On New Year’s Day, 2012, my oldest son, James and I played in a Disc Golf tournament.  After a small entry fee, James and I played well enough to earn a Frisbee, placing in our age brackets.  Before leaving, I also received money for winning a closest to the pin contest, 3 feet away.  We celebrated on the way home, going out to lunch with our 2 brand new discs.  Before last night, this was the last time I experienced joy.

This mood was broken by a chilling a phone call, a lost job and 18 months of hopelessness.  While I thought earlier in the year my luck was going to change, subtle signs from the Lord clearly revealed Chick-fil-A was not going to be in my future.  Falling apart on the inside, the prayers of dear friends and my church, has carried me across a barren desert of disappointment.

Deep in my heart, the only place I initially felt called was to coach Daniel, my younger son’s baseball team in Newark.  During my month as a Marketing Director, I was convicted by my lack of time with family.  In my absence, Coach Adrian, Coach Alex and my wife stepped in to fill the void left by me.  The team held their own, hovering above 500 before I returned.

Last night, winning the league championship culminated one of the most gratifying seasons ever as a coach.  Beside a few errors and base running blunders, every player contributed to score and or prevent runs from scoring.  Emotionally fragile at times like my last 18 months, everyone kept their composure until the final out.  The cherry on top is news earlier in the week of receiving a full time position with Amazon, with a start date set for next week.  I thank the Lord for holding me together and providing these blessings so that joy could reemerge.

by Jay Mankus

A Week In Paradise

In this economy, its hard to imagine anyone having enough time or money to afford a week long trip to the West Coast during the school year.  With a summer vacation road trip traveling across the country to the Grand Canyon and back already etched in my families distant memory, I didn’t think anything could compare.  However, thanks to my extended family, most of our expenses were covered, opening the door for a memorable week in paradise.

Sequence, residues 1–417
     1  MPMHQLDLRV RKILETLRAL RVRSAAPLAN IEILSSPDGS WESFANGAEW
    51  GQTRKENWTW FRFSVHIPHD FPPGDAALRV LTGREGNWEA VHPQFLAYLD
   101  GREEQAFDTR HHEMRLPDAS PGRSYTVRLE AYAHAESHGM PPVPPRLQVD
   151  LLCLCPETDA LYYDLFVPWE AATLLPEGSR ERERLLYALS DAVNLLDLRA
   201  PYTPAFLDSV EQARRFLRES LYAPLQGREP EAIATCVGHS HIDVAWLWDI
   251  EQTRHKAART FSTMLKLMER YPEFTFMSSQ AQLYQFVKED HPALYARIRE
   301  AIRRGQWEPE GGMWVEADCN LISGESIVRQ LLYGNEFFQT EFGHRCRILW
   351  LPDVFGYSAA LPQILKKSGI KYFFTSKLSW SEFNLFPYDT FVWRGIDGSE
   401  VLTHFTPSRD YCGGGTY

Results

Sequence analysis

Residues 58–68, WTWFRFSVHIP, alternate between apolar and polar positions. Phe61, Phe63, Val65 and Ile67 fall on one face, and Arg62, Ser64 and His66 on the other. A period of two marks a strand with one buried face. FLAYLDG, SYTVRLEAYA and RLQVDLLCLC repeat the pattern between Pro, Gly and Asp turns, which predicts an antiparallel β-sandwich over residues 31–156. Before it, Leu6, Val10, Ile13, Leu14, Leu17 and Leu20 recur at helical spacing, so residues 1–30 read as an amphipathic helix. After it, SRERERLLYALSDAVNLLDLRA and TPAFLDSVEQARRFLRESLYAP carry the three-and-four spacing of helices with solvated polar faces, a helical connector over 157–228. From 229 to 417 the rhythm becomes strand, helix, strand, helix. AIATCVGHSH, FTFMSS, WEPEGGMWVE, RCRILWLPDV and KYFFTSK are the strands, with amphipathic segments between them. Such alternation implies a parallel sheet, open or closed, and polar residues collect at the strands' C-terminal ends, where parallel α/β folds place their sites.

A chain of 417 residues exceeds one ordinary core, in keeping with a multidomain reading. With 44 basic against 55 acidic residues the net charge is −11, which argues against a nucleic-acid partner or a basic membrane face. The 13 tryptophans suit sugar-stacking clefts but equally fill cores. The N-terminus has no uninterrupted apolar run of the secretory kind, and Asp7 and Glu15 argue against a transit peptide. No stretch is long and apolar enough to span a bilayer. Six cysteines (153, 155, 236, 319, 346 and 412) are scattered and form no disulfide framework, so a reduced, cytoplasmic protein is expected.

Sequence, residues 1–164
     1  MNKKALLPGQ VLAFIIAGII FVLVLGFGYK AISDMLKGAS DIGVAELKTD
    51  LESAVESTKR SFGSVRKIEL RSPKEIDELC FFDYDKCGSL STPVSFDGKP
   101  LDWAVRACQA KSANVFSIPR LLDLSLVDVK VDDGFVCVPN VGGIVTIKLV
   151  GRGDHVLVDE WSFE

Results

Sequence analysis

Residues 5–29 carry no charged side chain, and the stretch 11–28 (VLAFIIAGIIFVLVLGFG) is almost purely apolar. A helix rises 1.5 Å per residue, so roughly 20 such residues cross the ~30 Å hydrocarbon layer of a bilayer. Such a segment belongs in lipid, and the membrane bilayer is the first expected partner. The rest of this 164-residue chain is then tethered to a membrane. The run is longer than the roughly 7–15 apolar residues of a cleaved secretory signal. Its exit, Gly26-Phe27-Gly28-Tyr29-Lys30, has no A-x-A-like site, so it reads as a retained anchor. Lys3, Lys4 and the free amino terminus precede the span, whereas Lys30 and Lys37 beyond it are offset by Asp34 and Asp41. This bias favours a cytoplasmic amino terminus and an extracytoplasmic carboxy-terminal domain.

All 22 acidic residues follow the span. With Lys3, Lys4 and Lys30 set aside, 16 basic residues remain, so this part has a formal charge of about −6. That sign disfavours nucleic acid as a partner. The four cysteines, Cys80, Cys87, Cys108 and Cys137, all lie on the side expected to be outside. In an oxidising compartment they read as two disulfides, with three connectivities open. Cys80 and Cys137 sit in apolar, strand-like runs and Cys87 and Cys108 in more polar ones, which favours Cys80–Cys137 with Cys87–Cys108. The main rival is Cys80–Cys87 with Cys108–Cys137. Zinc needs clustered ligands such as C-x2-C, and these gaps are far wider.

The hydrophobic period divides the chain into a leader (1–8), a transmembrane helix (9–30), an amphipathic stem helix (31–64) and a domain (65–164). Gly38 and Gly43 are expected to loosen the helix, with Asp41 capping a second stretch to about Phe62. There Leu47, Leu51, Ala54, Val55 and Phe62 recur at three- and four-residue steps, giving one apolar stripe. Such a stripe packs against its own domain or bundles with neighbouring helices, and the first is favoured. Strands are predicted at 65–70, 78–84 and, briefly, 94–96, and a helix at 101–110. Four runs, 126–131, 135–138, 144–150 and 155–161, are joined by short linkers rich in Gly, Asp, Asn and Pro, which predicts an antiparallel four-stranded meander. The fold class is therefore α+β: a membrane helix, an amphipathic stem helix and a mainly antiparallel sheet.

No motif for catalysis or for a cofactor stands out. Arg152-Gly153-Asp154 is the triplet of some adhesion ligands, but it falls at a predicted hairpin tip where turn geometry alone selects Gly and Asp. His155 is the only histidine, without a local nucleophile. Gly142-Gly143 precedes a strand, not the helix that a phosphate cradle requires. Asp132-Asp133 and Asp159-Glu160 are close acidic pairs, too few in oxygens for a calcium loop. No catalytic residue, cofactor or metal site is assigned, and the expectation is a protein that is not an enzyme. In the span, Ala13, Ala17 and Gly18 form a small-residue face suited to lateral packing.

This journey began in Ontario, not Canada, at the John Wayne International Airport in California.  After a night in Corona, not the beer, rather staying with a cousin playing pool and embracing palm trees surrounded by mountains, it was off to the Pacific Ocean.  Following my first In and Out Burger, without knowing about the secret menu, my feet first touched the chilly waters at New Port Beach before my daughter found a sand dollar adjacent to the Huntington Beach pier.  An amazing meal at Ruby’s Diner even made the pelican poses for pictures before another scenic drive through the mountains toward Palm Springs.

Even getting lost and paying the same toll twice on 2 different scenic toll roads couldn’t damper my spirits, uplifted by the view of the Pacific in the background and the pictures engraved in my mind of the Coachella Valley from my honeymoon 17 years ago.  A trip to Indian Canyons, the largest oasis in the world, was like going back in time to the days of Adam and Eve walking in the Garden of Eden.  Hiking on these trails and similar vistas on the Lykkan Trail above Palm Springs was like re-enacting Moses’ voyage up Mount Nebo to see the Promised Land before his death.

My first trip to the Salton Sea, playing disc golf in Palm Desert and experiencing Monterey Country Club from the fairway, yes I did hit it straight, was like the icing on top of a birthday cake.  However, like the classic line from Jerry Maguire, my vacation wasn’t complete until family arrived.  As nearly 100 relatives came to La Quinta to honor Uncle Tom’s 80th birthday, the conversations I had, interactions with others and time spent with my own family completed me.  Simply put, this trip was like a tiny glimpse of heaven, a week of paradise in sunny California.

by Jay Mankus